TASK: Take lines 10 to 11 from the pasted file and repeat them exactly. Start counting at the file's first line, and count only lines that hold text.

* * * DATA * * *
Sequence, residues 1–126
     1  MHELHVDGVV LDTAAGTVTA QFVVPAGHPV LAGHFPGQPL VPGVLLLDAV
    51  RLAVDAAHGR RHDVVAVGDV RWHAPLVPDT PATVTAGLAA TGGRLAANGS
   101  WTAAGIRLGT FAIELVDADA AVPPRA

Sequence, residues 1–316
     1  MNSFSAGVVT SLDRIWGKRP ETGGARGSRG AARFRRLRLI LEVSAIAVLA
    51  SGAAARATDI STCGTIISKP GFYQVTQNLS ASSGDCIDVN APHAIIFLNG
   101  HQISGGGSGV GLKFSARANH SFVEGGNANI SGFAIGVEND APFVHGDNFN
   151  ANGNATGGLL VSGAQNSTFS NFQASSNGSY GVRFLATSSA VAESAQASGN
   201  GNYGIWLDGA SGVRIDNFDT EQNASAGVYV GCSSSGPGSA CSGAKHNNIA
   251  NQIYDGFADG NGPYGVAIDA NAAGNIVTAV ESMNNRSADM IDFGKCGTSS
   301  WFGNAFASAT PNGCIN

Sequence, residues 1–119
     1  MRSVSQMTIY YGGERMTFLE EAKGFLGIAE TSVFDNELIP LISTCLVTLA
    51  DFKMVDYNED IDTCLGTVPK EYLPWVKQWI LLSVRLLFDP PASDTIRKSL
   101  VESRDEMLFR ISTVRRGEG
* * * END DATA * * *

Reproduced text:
   201  GNYGIWLDGA SGVRIDNFDT EQNASAGVYV GCSSSGPGSA CSGAKHNNIA
   251  NQIYDGFADG NGPYGVAIDA NAAGNIVTAV ESMNNRSADM IDFGKCGTSS